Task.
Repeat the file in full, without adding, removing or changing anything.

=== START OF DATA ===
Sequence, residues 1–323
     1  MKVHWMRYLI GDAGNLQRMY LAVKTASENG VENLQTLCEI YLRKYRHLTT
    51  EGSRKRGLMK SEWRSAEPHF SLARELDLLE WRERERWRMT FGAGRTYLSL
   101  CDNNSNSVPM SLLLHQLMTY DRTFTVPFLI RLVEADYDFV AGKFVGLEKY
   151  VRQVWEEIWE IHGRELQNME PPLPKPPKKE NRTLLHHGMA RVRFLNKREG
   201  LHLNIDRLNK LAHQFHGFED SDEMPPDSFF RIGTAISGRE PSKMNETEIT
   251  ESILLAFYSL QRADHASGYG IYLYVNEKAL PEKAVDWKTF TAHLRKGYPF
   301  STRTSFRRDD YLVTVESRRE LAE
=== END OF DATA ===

Sequence, residues 1–323
     1  MKVHWMRYLI GDAGNLQRMY LAVKTASENG VENLQTLCEI YLRKYRHLTT
    51  EGSRKRGLMK SEWRSAEPHF SLARELDLLE WRERERWRMT FGAGRTYLSL
   101  CDNNSNSVPM SLLLHQLMTY DRTFTVPFLI RLVEADYDFV AGKFVGLEKY
   151  VRQVWEEIWE IHGRELQNME PPLPKPPKKE NRTLLHHGMA RVRFLNKREG
   201  LHLNIDRLNK LAHQFHGFED SDEMPPDSFF RIGTAISGRE PSKMNETEIT
   251  ESILLAFYSL QRADHASGYG IYLYVNEKAL PEKAVDWKTF TAHLRKGYPF
   301  STRTSFRRDD YLVTVESRRE LAE